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CHEM 481L - Physical Chemistry Lab: Home

About This Guide

This guide will link you to the following:

  • Resources required for class
  • Best practices for data management
  • Lab Notebook General Tips
  • Recommended article databases
  • IT Response Center
  • Writing and Citing

Resources Required for This Class

  • Mathcad  (required)
  • Virtual Substance (required)
  • Excel or other spreadsheet software
  • Physical Chemistry, by Peter Atkins or other physical chemistry textbook
    • Online physical chemistry books through the library (ebooks)

Project Resources

Project - Use current research to explore the use of computer models to enhance our understanding of important chemistry problems.

  • SciDAC - Scientific Discovery through Advanced Computing

Finding Articles

Lab Notebook General Tips

Make your notebook as efficient and accurate as possible.  Some more common tips include:

*Use permanent ink.

*Initial and date every page.

*Leave a blank page or two in the beginning for a Table of Contents.

*Draw only a single line through all errors.

*Create a table of chemicals & relevant properties with each experiment.

*Record what you have done.

*Record all observations and explanations of why they happened.

*Be descriptive with titles & headings.

*Start a new page for each experiment.

*At the end of each lab, ask yourself, "Can I recreate this experiment/my results with what I have written down?"

Adapted from "Organizing your lab notebook"

Best Practices for Data Management

Ten Simple Rules for Reproducible Computational Research

  1. For Every Result, Keep Track of How It Was Produced

  2. Avoid Manual Data Manipulation Steps

  3. Archive the Exact Versions of All External Programs Used

  4. Version Control All Custom Scripts

  5. Record All Intermediate Results, When Possible in Standardized Formats

  6. For Analyses That Include Randomness, Note Underlying Random Seeds

  7. Always Store Raw Data behind Plots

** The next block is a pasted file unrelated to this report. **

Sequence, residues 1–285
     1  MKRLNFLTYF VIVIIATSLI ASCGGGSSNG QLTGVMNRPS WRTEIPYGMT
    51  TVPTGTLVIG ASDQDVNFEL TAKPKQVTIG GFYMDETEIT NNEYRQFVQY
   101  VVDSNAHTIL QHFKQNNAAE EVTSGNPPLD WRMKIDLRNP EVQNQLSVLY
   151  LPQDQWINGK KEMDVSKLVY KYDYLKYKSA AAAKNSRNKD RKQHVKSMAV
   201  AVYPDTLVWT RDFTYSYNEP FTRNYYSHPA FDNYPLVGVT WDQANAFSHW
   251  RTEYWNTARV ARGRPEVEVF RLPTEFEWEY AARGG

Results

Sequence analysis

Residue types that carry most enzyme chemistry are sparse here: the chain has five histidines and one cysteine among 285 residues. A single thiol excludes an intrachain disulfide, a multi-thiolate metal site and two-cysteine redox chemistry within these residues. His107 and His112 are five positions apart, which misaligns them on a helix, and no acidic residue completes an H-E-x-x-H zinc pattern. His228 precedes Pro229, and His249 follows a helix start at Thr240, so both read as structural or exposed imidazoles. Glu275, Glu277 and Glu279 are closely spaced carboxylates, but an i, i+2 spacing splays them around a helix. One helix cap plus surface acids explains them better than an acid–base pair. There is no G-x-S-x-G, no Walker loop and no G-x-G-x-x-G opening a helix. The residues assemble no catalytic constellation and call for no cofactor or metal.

8. Generate Hierarchical Analysis Output, Allowing Layers of Increasing Detail to Be Inspected

  9. Connect Textual Statements to Underlying Results

  10. Provide Public Access to Scripts, Runs, and Results

    Sandve GK, Nekrutenko A, Taylor J, Hovig E. Ten Simple Rules for Reproducible Computational Research. Bourne PE, ed. PLoS Computational Biology. 2013;9(10):e1003285. doi:10.1371/journal.pcbi.1003285.

Here are a few best practices when collecting and using data:

  1. Store and backup your data regularly:
    • to safeguard your research investment
    • to make it accessible in the future
  2. File naming and Spreadsheet Best Practices:
  3. Track Changes
    • use a sequential numbered system, e.g.  v01, v02.
    • don't use confusing labels, such as 'revision', 'final', 'final2', etc.
  4. Use standard file formats
    • use easily re-usable formats, e.g. .txt, .csv
  5. Document your data with a "read me" file which includes:
  6. Keep it secure

For more information on managing your data please see "Best Practices for Managing Research Data"

Excel Help

Science Librarian

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G301E Venable Hall
Kenan Science Library

IT Response Center

The ITS Response Center is the first point of contact for IT Support at UNC-Chapel Hill.

About the Kenan Science Library

The Kenan Science Library is on the ground floor of Venable Hall. See our library page for locations and hours.

Writing and Citing

UNC Writing Center


  • How to write an outline (video)

  • Why and how to create an outline (Purdue OWL)


Researching in the Sciences (videos)

Author's Guide for submitting an article to the ACS journal Analytical Chemistry

MLA Formatting and Style Guide (online)